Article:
Several breeds, differing in the proportions of the body, in the length of the ears, in the nature of the hair, in colour, etc., come under the S. indicus type. Nor is this surprising, considering how ancient the domestication of this form has been both in Europe and in China. In this latter country the date is believed by an eminent Chinese scholar to go back at least 4900 years from the present time. This same scholar alludes to the existence of many local varieties of the pig in China; and at the present time the Chinese take extraordinary pains in feeding and tending their pigs, not even allowing them to walk from place to place. Hence these pigs, as Nathusius has remarked, display in an eminent degree the characters of a highly-cultivated race, and hence, no doubt, their high value in the improvement of our European breeds. Nathusius makes a remarkable statement ('Schweineschädel' s. 138), that the infusion of the 1/32nd, or even of the 1/64th, part of the blood of S. indicus into a breed of S. scrofa, is sufficient plainly to modify the skull of the latter species. This singular fact may perhaps be accounted for by several of the chief distinctive characters of S. indicus, such as the shortness of the lachrymal bones, etc., being common to several species of the genus; for in crosses characters which are common to many species apparently tend to be prepotent over those appertaining to only a few species.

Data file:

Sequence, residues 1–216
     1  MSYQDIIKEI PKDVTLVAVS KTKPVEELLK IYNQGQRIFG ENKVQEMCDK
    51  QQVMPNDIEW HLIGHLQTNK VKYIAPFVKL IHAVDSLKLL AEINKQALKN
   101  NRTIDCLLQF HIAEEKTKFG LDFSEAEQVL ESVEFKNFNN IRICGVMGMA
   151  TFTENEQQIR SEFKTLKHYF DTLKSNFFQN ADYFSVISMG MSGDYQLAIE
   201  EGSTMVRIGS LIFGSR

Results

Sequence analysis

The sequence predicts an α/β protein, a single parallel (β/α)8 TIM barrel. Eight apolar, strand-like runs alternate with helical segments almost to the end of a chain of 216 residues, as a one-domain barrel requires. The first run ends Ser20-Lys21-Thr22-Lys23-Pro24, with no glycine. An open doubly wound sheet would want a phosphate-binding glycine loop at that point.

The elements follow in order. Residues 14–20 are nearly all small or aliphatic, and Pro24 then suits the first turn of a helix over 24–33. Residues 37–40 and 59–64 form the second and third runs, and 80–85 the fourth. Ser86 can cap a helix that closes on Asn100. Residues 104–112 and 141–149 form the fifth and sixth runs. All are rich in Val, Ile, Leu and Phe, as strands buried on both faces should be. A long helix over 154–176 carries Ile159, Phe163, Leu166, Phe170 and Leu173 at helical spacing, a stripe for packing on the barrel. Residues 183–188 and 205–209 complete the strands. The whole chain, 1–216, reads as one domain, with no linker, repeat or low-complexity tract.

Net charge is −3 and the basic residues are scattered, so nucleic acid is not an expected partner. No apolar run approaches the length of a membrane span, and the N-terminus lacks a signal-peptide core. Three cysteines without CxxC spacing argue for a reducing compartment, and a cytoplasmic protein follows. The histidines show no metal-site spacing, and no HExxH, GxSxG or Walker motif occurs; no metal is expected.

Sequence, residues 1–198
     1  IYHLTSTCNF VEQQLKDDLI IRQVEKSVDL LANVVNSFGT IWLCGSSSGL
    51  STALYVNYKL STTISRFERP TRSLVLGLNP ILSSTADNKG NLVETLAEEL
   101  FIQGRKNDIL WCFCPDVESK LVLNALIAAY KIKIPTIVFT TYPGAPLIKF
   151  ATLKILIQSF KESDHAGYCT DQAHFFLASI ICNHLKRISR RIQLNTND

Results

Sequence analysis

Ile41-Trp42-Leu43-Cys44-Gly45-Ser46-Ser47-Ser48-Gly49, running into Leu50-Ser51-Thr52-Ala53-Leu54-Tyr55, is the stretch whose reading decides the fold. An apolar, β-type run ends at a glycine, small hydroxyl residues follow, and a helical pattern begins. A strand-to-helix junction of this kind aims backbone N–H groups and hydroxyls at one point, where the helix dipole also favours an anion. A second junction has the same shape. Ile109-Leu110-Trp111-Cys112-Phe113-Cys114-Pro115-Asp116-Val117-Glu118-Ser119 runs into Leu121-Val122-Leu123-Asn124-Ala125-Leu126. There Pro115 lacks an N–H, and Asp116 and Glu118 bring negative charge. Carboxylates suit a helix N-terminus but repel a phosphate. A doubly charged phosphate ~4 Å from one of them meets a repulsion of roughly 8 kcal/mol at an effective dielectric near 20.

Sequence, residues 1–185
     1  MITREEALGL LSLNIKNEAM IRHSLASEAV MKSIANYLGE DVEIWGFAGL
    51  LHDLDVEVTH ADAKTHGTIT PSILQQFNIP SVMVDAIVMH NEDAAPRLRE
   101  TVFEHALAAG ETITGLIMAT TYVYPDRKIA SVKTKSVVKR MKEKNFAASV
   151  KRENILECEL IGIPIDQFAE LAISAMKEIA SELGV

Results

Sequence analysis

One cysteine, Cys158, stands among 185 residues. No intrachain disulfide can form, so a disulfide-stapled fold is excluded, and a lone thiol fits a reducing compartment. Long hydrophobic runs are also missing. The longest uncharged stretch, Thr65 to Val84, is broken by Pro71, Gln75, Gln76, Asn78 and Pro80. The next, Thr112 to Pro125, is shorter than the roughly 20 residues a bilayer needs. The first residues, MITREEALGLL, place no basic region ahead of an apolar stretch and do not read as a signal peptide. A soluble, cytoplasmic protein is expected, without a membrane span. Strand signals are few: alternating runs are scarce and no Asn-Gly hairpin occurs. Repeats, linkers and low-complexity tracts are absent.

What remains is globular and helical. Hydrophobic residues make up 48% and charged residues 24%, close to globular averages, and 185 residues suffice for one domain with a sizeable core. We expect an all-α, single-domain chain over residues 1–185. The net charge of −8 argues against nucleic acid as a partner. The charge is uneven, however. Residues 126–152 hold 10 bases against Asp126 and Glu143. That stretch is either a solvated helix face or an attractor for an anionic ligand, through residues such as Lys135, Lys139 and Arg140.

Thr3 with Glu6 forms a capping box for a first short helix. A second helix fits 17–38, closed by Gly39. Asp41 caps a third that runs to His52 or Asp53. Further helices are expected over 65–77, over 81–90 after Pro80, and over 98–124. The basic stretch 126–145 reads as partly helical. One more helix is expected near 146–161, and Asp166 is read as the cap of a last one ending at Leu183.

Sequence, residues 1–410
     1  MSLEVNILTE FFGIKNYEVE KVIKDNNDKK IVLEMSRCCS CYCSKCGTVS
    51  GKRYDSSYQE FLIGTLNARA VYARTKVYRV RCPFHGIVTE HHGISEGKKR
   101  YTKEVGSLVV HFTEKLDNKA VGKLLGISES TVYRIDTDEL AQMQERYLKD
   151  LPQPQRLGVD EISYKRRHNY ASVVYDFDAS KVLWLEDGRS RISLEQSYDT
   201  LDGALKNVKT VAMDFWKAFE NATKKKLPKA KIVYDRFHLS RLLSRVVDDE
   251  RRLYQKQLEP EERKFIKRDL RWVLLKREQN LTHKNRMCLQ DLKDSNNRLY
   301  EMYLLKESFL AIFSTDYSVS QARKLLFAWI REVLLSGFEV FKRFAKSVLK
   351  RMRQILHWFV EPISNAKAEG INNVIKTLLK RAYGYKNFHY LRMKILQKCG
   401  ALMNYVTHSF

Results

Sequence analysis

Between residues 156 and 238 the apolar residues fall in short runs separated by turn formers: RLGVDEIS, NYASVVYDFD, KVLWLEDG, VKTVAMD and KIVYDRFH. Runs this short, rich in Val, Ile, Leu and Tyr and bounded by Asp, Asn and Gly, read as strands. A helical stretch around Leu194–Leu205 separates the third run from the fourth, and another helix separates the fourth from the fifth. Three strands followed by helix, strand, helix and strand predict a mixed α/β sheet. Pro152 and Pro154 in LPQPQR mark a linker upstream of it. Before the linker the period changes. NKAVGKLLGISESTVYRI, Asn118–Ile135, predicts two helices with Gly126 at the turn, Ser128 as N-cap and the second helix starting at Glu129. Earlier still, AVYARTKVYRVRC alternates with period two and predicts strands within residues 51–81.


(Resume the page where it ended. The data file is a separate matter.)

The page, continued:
The Japan pig ( S. pliciceps of Gray), which was formerly exhibited in the Zoological Gardens, has an extraordinary appearance from its short head, broad forehead and nose, great fleshy ears, and deeply furrowed skin. Figure 2 is copied from that given by Mr. Bartlett. Not only is the face furrowed, but thick folds of skin, which are harder than the other parts, almost like the plates on the Indian rhinoceros, hang about the shoulders and rump. It is coloured black, with white feet, and breeds true. That it has long been domesticated there can be little doubt; and this might have been inferred even from the fact that its young are not longitudinally striped; for this is a character common to all the species included within the genus Sus and the allied genera whilst in their natural state. Dr. Gray has described the skull of this animal, which he ranks not only as a distinct species, but places it in a distinct section of the genus. Nathusius, however, after his careful study of the whole group, states positively ('Schweineschädel' s. 153-158). that the skull in all essential characters closely resembles that of the short-eared Chinese breed of the S. indicus type. Hence Nathusius considers the Japan pig as only a domesticated variety of S. indicus: if this really be the case, it is a wonderful instance of the amount of modification which can be effected under domestication.